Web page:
It was through the fringe theatre movement that Rasha met Hani Afifi, also a graduate from Dar Al-'Ulum who often fell foul of the authorities there over his theatrical activities. Before venturing into the state theatre with Walad wi Bint, he had worked exclusively with amateurs and independent groups, forming his own, Al-Sa'ah (Clock or Hour) with some friends in 2002, and winning an impressive host of prizes, both governmental and otherwise, in the following four years. The group's most impressive productions were Brecht's The Exception and the Rule and a collectively composed, highly original and stunningly powerful play called Ana Delwaqt Mayet (Now that I am Dead). Though he did not train academically in theatre, Afifi gained a lot of experience working in the university theatre, with the Atelier group, and attending a series of intensive workshops in actor training, story-telling, lighting and directing at the American University, the Town House, the Bibliotheca Alexandrina and the Cervantes Spanish Institute.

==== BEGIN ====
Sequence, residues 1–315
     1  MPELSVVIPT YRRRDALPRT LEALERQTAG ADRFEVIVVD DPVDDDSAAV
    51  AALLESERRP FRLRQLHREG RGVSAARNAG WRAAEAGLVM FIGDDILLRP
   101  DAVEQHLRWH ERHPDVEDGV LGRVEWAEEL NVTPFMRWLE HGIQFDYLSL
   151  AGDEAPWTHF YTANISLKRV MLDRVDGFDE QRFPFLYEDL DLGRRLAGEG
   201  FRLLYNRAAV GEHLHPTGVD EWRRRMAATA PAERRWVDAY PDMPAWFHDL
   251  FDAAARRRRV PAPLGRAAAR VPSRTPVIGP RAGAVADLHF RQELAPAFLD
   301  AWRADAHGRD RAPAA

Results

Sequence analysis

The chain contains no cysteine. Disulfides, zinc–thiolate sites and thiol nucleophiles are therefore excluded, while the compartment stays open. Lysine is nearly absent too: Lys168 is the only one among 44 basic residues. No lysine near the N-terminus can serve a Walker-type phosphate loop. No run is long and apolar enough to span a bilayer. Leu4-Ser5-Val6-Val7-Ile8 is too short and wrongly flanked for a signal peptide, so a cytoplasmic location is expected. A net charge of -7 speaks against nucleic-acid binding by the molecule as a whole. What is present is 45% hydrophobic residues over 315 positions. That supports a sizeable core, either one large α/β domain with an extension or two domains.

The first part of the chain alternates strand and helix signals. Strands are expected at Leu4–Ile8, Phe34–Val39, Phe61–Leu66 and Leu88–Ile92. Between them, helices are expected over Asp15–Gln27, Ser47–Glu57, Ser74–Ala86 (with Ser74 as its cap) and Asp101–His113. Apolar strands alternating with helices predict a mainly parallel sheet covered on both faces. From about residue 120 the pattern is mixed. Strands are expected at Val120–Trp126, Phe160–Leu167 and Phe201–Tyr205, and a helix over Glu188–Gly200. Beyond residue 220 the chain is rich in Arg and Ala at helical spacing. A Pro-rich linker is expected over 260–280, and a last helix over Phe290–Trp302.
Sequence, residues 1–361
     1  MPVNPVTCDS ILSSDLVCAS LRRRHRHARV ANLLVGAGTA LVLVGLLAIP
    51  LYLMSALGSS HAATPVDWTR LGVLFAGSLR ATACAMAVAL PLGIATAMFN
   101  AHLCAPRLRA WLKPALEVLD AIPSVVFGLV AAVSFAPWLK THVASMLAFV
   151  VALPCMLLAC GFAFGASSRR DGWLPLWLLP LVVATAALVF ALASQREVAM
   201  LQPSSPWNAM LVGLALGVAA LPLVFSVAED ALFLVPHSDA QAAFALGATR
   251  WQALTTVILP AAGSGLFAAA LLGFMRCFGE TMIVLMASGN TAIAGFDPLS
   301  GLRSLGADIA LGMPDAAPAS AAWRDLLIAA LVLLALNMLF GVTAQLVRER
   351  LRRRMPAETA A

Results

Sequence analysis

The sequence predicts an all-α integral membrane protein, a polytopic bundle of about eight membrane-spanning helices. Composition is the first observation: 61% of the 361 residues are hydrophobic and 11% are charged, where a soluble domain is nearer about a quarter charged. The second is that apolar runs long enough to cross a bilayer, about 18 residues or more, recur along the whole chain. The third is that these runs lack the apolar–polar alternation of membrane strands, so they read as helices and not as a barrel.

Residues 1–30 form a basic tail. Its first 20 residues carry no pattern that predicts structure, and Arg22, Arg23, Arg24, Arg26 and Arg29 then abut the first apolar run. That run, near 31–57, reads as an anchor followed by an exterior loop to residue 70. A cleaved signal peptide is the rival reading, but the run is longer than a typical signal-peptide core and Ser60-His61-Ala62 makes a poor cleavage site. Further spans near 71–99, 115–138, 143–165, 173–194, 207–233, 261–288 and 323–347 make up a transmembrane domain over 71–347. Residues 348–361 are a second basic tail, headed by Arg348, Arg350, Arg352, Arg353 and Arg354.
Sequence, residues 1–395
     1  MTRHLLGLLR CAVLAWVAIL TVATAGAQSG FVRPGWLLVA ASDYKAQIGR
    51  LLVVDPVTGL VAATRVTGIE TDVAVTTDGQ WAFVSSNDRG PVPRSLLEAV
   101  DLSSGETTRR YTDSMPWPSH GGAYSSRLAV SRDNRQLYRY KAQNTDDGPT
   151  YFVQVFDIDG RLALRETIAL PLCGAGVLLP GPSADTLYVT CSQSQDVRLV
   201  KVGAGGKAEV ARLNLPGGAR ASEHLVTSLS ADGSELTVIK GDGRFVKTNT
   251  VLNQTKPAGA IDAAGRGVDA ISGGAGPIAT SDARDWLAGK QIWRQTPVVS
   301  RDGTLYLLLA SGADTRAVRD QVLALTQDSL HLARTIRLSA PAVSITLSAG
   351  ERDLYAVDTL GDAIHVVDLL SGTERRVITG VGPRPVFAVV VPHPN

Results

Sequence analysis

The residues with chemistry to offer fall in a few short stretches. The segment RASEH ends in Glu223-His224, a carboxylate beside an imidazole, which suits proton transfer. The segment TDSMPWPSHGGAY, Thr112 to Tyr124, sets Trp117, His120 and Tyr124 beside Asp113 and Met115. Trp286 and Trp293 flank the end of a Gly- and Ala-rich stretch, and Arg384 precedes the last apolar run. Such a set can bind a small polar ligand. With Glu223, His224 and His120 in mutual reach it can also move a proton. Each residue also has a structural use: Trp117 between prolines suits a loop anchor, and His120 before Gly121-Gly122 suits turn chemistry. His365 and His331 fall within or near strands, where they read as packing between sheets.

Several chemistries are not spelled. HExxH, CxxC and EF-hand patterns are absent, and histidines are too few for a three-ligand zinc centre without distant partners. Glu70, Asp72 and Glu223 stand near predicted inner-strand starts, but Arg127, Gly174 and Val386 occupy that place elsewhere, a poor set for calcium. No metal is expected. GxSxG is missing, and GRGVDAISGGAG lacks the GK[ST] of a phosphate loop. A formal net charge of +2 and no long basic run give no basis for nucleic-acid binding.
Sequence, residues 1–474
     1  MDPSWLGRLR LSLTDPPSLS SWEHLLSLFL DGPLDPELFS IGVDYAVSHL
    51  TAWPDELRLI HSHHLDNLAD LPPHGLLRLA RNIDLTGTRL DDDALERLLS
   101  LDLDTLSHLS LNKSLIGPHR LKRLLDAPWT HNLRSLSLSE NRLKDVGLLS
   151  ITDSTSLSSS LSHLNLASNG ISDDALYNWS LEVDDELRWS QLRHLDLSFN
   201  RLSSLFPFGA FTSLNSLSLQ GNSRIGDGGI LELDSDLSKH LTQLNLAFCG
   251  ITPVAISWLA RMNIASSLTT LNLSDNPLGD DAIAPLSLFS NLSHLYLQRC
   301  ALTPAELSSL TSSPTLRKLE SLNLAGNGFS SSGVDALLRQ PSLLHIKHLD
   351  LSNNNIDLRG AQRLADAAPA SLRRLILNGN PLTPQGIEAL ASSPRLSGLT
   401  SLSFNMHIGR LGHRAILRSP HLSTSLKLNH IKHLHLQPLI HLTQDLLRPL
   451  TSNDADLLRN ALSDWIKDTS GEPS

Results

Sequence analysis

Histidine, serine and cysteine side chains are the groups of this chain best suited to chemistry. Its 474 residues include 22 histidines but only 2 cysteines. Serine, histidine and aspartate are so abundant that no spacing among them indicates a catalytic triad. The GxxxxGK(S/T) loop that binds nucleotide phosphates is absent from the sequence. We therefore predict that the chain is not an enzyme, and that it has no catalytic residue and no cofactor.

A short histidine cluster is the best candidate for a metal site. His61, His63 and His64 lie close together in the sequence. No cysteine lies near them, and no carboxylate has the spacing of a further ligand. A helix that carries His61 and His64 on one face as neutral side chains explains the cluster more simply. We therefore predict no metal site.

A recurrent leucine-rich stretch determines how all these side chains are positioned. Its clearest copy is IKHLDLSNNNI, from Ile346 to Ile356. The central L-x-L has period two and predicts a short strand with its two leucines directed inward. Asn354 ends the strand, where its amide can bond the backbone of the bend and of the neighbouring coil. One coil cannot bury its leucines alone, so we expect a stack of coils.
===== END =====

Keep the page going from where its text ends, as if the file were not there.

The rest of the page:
For his professional debut in the state-theatre, Afifi roped in two old comrades from the Independent Theatre Movement, the handsome and impressively versatile 'Imad Ismael, and the solidly talented and experienced Bayoumi Foad. (Ironically, none of the three friends is a member of the Theatre- Professionals Union and they were issued temporary licenses to mount this show.) Though Mona Hala, the third member of the cast is a video actress with little previous experience in theatre, she was delightfully vivacious and thoroughly convincing. She blended well with Ismael and Fouad, forming a finely tuned, intelligently orchestrated trio who zestfully exploited the rhythms and language of the writing to produce the maximum comic effects, but without impairing the writer's intention, or in any way deflecting the general drift of the drama. Theirs were scintillating, sweet-sour performances that will long linger in one's memory.